The responsible pathogen was identified in 1976 as L pneumophila, although this bacterium is one of 42 species constituting 64 serogroups.2,3 It is a small, gram-negative, catalase-positive, weakly oxidase-positive, aerobic, waterborne bacterium that is nonmotile and often lives in symbiosis with various amoebic species that are common residents of water-rich environments. These water-rich environments include the cooling systems found in hotels, apartments, cruise ships, and hospitals, as well as showers, decorative fountains, humidifiers, and whirlpool spas, among other structures, in which the bacteria can survive at an optimal temperature.
Humans often become infected through inhalation of aerosolized particles or via aspiration of contaminated liquid. Legionella infection typically is not transferrable directly from human to human.4 Our patient became infected via her window air conditioner that she had begun to use during the late spring.
Answer: Any of the above
Once the diagnosis has been made, patients are often treated with macrolide, tetracycline, or fluoroquinolone antibiotics. The goal is to choose an antibiotic with adequate intracellular penetration due to the intracellular nature of Legionella.
The most commonly used antibiotics are azithromycin, doxycycline, and levofloxacin. Typically, antibiotic therapy is started in the hospital intravenously, with the therapy being switched to oral antibiotics once a patient’s condition has stabilized.
The duration of therapy is usually 3 to 5 days for azithromycin and 5 to 10 days for levofloxacin, unless there is severe disease with sepsis or if the patient is immunocompromised, in which treatment is extended.6
Prognosis is highly variable and often depends on a patient’s comorbid conditions as well how quickly treatment is initiated, with increasing mortality in nosocomial infections.6 Therefore, prevention is of the utmost importance and can be done by superheating water sources to 70°C to 80°C or utilizing copper-silver ionization units, or UV light, all of which eradicate the Legionella bacteria.8
Carlos Ruz-Pau, MD, and Jorge Parellada, MD
Orlando Regional Medical Center, Orlando, Florida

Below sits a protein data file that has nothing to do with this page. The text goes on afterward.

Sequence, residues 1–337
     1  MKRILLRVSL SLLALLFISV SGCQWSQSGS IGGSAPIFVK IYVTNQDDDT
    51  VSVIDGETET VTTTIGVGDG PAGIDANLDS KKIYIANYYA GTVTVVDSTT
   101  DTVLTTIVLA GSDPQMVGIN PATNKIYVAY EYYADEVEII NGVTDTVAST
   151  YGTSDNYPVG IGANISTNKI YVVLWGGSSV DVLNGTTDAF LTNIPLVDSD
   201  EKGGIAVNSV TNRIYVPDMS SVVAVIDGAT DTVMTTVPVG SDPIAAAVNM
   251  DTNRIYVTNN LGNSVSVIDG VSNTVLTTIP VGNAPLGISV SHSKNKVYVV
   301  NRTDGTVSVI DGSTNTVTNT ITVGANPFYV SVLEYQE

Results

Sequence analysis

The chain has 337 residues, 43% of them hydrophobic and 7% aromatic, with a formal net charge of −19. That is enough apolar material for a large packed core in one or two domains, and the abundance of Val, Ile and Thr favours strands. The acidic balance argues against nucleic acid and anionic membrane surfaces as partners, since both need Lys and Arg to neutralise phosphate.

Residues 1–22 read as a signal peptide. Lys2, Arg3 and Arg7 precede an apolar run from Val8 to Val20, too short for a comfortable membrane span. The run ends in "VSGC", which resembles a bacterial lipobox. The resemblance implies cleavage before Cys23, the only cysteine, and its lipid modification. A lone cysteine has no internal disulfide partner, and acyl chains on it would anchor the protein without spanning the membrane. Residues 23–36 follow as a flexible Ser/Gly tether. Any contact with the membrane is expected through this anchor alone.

Zoran Pavlovic, MS-IV
University of Central Florida, Orlando, Florida
Ruz-Pau C, Pavlovic Z. Legionnaire disease. 2017;57(4):234-235. https://www.consultant360.com/articles/collection-conditions-affecting-lungs?page=1.
- Marston BJ, Plouffe JF, File TM Jr, et al. Incidence of community-acquired pneumonia requiring hospitalization: results of a population-based active surveillance study in Ohio. Arch Intern Med. 1997;157(15):1709-1718.
- Brunkard JM, Ailes E, Roberts VA, et al. Surveillance for waterborne disease outbreaks associated with drinking water—United States, 2000–2008. MMWR Surveill Summ. 2011;60(12):38-68.
- Kozak-Muiznieks NA, Lucas CE, Brown E. Prevalence of sequence types among clinical and environmental isolates of Legionella pneumophila serogroup 1 in the United States from 1982 to 2012. J Clin Microbiol. 2014; 52(1):201-211.
- Woo AH, Goetz A, Yu VL. Transmission of Legionella by respiratory equipment and aerosol generating devices. Chest. 1992;102(5):1586-1590.
- Newton HJ, Ang DKY, van Driel IR, Hartland EL. Molecular pathogenesis of infections caused by Legionella pneumophila. Clin Microbiol Rev. 2010; 23(2): 274-298.
- Cunha BA, Burillo A, Bouza E. Legionnaires’ disease. Lancet. 2016; 387(10016): 376-385.
- Tan MJ, Tan JS, Hamor RH, File TM Jr, Breiman RF. The radiologic manifestations of Legionnaire’s disease. Chest. 2000;117(2):398-403.
- Borella P, Bargellini A, Marchegiano P, Vecchi E, Marchesi I. Hospital-acquired Legionella infections: an update on the procedures for controlling environmental contamination. Ann Ig. 2016;28(2):98-10